Posted on May 20, 2018 by Charles Morris
Having more orders for your product than you can fill sounds like a problem that a lot of business owners would love to have - but make no mistake, it is a problem. Tesla’s difficulties ramping up Model 3 production have become a media mantra, with pundits proposing half a hundred possible reasons for the delay: too many robots, too little manufacturing experience, too much hubris... or maybe not enough gasoline? An article by Maarten Vinkhuyzen in CleanTechnica presents a different perspective - the root of Tesla’s Model 3 mess is simply too many orders.
Above: Tesla's Model 3 (Instagram: model3nc)
An axiom from the software industry holds that the cost of fixing a mistake increases exponentially if it is discovered later in the development process. For example, an error that would have cost $1 to correct if caught early in the design phase will end up costing $10,000 if it isn’t discovered until the product is in production.
Vinkhuyzen explains that the design teams for both Model S and Model X were fortunate to have more time for the design phase than they had anticipated - in the first case, because of delays in finding a production location; in the second case, because Tesla sidetracked the launch of Model X in order to ramp up for the higher-than-expected demand for Model S.
With Model 3, the opposite happened: the design process was cut short, because of the sheer number of orders that poured in. No one can say how many advance orders Tesla was expecting to see, but it’s safe to say that Musk and his crew were as surprised as anyone when 100,000 people plunked down deposits before the car had even been shown, and the order book eventually grew to around 450,000. “Definitely going to need to rethink production planning...” Elon tweeted.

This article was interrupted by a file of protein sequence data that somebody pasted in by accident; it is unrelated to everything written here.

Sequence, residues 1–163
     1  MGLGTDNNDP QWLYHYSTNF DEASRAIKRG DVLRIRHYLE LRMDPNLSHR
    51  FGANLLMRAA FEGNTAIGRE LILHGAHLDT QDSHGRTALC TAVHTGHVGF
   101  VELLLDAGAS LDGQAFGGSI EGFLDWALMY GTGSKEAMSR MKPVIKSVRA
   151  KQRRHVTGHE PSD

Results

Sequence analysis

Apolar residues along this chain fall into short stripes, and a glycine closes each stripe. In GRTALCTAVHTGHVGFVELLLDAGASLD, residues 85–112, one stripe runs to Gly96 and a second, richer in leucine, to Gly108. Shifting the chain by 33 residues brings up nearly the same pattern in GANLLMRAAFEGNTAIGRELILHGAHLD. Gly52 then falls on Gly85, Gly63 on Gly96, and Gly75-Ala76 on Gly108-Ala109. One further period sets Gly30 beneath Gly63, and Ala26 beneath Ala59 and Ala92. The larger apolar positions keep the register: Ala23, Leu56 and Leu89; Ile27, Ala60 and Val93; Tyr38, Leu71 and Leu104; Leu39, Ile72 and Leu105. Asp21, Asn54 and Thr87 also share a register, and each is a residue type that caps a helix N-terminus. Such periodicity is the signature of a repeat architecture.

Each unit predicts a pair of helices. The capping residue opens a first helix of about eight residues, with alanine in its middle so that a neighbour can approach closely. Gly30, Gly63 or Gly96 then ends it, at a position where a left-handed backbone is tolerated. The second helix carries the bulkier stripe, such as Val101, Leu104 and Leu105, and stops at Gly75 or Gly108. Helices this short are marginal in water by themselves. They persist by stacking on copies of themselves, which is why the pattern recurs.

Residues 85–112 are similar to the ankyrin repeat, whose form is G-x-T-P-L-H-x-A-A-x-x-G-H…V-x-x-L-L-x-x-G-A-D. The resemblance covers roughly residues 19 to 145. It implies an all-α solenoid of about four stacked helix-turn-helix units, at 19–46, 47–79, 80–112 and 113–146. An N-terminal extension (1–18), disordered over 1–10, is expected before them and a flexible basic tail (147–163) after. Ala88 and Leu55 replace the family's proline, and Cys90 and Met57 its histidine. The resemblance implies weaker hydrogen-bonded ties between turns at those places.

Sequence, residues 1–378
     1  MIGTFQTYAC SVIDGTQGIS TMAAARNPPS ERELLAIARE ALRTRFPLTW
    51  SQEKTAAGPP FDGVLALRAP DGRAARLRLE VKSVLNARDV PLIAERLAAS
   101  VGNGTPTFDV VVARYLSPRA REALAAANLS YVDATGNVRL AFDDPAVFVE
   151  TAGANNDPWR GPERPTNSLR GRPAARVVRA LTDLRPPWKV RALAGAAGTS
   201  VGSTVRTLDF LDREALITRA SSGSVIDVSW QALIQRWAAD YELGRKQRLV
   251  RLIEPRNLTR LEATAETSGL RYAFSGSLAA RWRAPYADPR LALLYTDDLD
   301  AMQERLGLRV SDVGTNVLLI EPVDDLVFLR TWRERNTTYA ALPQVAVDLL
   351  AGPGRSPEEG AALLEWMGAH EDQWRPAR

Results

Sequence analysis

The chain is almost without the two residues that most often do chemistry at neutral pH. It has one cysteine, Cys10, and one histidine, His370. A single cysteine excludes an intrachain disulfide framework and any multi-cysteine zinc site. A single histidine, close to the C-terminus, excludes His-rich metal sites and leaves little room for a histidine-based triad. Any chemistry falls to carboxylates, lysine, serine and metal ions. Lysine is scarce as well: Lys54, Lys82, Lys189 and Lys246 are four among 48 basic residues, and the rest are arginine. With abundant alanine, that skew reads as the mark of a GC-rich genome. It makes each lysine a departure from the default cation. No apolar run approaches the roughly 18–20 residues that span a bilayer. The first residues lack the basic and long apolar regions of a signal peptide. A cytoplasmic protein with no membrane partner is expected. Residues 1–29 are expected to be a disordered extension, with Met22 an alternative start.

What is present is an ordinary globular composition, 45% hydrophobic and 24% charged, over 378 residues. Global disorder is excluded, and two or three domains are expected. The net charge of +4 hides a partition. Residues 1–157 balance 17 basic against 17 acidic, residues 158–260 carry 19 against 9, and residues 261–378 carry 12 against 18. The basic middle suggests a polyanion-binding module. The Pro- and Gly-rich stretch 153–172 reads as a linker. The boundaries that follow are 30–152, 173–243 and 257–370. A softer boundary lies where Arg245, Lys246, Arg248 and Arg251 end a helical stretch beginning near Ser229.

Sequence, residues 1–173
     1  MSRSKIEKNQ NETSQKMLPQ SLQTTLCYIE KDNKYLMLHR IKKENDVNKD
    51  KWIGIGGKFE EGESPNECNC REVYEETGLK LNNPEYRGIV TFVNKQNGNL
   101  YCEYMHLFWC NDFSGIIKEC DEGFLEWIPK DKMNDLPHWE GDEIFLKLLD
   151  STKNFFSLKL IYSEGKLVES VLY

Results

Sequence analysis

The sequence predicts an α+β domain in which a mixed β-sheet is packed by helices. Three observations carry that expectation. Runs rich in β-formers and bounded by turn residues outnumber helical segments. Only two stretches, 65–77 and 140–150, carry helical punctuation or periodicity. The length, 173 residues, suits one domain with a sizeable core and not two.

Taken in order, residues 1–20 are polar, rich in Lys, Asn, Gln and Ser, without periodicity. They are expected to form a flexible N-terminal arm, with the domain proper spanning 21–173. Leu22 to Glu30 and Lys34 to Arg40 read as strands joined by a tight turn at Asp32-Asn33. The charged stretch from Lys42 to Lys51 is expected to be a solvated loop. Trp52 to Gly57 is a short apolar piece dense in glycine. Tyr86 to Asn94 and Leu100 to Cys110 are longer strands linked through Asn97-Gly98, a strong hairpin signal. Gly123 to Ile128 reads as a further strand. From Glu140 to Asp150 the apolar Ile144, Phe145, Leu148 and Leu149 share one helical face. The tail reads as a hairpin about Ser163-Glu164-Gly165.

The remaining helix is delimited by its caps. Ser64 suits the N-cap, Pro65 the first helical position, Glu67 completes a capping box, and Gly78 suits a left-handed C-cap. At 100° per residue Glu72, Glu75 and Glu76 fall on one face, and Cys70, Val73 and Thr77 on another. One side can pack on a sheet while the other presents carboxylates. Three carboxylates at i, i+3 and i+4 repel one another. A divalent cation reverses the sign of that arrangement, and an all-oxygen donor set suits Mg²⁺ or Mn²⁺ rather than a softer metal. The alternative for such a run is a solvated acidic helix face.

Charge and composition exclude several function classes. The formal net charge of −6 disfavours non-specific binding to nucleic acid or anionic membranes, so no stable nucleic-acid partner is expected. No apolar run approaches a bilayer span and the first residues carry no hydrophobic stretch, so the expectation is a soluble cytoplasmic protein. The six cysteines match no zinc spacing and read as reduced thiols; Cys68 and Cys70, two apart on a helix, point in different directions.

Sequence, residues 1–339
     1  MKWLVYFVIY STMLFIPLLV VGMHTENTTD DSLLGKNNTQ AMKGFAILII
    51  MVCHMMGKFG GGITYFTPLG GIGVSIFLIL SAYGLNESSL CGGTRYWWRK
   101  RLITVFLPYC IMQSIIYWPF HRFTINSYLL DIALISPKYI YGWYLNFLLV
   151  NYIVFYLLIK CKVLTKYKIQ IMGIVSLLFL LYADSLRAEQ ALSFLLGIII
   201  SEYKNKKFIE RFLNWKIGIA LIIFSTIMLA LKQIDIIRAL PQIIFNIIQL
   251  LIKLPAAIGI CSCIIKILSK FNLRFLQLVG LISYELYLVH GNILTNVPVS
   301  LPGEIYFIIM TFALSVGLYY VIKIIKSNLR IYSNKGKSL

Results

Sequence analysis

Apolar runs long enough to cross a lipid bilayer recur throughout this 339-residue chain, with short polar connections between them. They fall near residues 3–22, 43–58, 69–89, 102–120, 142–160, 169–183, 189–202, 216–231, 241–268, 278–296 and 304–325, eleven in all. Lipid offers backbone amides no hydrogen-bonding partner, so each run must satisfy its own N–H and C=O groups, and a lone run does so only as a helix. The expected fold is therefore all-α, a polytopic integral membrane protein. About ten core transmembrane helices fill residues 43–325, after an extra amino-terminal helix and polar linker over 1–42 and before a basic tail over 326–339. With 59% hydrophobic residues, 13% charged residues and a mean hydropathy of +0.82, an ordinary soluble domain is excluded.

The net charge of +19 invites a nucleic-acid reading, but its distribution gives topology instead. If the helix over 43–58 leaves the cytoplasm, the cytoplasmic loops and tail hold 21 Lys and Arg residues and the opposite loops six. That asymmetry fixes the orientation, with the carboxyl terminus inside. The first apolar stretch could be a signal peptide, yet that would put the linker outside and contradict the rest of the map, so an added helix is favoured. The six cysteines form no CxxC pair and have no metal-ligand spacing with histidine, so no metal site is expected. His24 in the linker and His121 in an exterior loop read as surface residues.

Above: Tesla deliveries picking up for the Model 3 (Instagram: coswatte)
A realistic plan might have been to produce 100,000 vehicles in 2018, and try to ramp up to 400,000 per year by 2020. However, this would have meant that many customers would languish on the waiting list for three years or more. So, Tesla opted for an unrealistic plan instead. It brought the start of production forward by six months, and advanced the goal of 5,000 per week by a year, to the end of 2017. When it announced the new timetable, Tesla warned of setbacks, missed deadlines and “production hell.” And this is exactly what has happened.
As Vinkhuyzen explains, accelerating the production plan likely resulted in more than just missed forecasts. “Shorting development time increased the number of mistakes that had to be corrected, and also the severity of the problems encountered. What is worse, it exploded the costs of correcting those mistakes.”
Elon Musk acknowledged much of this during Tesla’s famous conference call from hell. When asked about plans for Model Y, he said, “Although the amount of money spent in the beginning is really quite low in the beginning of a development program, decisions made at the beginning have massive implications for future CapEx. So it is better to spend a bit more time making the right design decisions and really thinking through the producibility of a product before racing ahead with CapEx decisions. There’s no question we could have made the Model 3 much easier to produce than we have.”
Above: Here at last, the Model 3 (Instagram: rsantanna)
Tesla learns important lessons from each new vehicle program, and the learnings from Model 3 will probably be enough to inspire a whole college course someday. As usual, Elon is already looking ahead to the next project: Model Y. “I think Model Y is going to be a manufacturing revolution,” he said on the recent call. “It will be, I think, incredible from a manufacturing standpoint, because we do not want to go through this pain again.”